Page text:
|All Artists: Led Zeppelin|
Title: BBC Sessions
Members Wishing: 1
Total Copies: 0
Label: Atlantic / Wea
Original Release Date: 11/18/1997
Release Date: 11/18/1997
Album Type: Live
Genres: Pop, Rock, Classic Rock, Metal
Styles: Blues Rock, Folk Rock, Rock Guitarists, British Invasion, Album-Oriented Rock (AOR), Supergroups, Arena Rock, British Metal
Number of Discs: 2
SwapaCD Credits: 2
Japanese reissue of 2000 compilation is packaged in a miniature heavy quality LP gatefold sleeve. 24 tracks including the 13-minute plus 'Whole Lotta Love' (Medley) featuring 'Boogie Chillun'/Fixin' To Die/That's Alright Mama/A Mess Of Blues'. Includes credits & lyric booklet. Atlantic. 2003.
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Member CD Reviews
(jroc) from ARBOR VITAE, WI
Reviewed on 8/25/2006...
Disk 1 is sort of jam session stuff, like they're trying to work out the finished product. Disk 2 is pretty much polished stuff.
1 of 1 member(s) found this review helpful.
The Mighty Zeppelin
MRT | 03/09/2010
(5 out of 5 stars)
"The 1969 sessions on disc 1 are gritty and powerful, sometimes even more so than the studio recordings of the same material. Zeppelin performs originals like the fine folkish "What Is And What Should Never Be", the fiery rave-up "Communication Breakdown", and the psychedelic "Dazed And Confused", but the majority of the 14 songs are blues covers.
The Otis Rush-hit "I Can't Quit You Baby" gets the Zeppelin treatment, along with Sleepy John Estes' "The Girl I Love She's Got Long Black Wavy Hair" (one of the highlights of the album), and Willie Dixon's all-time classic "Whole Lotta Love".
Robert Johnson's "Traveling Riverside Blues" is another highlight; a tremendous electric rendition burning with Jimmy Pages' urgent slide guitar playing. And Zep's piano-driven blusn n' boogie version of Eddie Cochran's "Somethin' Else" is pure rock n' roll fun.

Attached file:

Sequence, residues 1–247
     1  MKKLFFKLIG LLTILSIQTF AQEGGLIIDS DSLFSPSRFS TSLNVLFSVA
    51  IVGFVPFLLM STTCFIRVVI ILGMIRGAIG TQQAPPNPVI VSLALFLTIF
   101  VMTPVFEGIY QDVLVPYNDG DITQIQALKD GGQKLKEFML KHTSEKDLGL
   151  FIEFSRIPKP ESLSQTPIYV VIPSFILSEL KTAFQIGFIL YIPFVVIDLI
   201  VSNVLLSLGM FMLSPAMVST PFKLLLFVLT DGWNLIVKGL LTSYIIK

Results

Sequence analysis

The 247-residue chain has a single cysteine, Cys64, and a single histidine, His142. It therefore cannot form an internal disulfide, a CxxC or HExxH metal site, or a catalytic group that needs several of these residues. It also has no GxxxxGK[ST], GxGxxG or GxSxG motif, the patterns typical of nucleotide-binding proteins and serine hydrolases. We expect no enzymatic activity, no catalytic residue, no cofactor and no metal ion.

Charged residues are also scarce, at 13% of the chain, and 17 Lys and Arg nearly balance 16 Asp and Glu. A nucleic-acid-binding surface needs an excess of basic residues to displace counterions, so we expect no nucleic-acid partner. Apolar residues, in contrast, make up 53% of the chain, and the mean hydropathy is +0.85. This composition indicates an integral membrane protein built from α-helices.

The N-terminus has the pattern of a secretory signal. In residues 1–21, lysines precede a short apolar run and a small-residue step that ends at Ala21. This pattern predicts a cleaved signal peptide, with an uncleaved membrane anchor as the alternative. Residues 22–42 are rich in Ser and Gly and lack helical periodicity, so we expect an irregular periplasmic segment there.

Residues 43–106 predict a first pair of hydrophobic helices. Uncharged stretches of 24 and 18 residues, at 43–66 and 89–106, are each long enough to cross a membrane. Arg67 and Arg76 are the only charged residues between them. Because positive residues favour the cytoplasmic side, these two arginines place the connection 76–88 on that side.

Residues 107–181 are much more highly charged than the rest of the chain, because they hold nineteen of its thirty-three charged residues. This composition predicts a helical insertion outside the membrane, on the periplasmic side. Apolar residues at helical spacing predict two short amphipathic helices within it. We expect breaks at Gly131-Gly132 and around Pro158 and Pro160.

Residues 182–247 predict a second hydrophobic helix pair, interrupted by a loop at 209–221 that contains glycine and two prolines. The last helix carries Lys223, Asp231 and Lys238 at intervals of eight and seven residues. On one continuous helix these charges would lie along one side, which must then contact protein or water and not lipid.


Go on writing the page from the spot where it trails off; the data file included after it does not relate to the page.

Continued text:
You will note that a couple of songs are here in two different versions...the two renditions of "Communication Breakdown" are quite similar, while the second takes of "I Can't Quit You Baby" is two minutes longer than the first.
Disc 2 is highlighted by a tight, muscular "Immigrant Song", a swaggering "Heartbreaker", and a crushing rendition of the tough blues "Black Dog". Well, I could go on and on, really. A beautiful, evocative "Stairway To Heaven", a great take on the acoustic folk-ballad "That's The Way", and a 14-minute medley of "Whole Lotta Love", John Lee Hooker's "Boogie Chillun", Bukka White's "Fixin' To Die", Arthur Crudup's "That's All Right", and the wonderful R&B-stomper "A Mess Of Blues" (Pomus/Shuman).
The sound and mixing on both discs is excellent, and the performances are almost uniformly great...rough and tough but by no means sloppy. Robert Plant is in fine form all the way through, and Jimmy Page completely fulfills the listener's expectations, playing crunchy rhythm guitar and creative, bluesy solos.
The ten-to-twenty minute versions of "Dazed And Confused", "You Shook Me", and "How Many More Times" are perhaps something of an acquired taste, and this is not really the place for newcomers to start, but fans will be delighted by these fiery, energetic live-in-the-studio recordings by Led Zeppelin in their prime.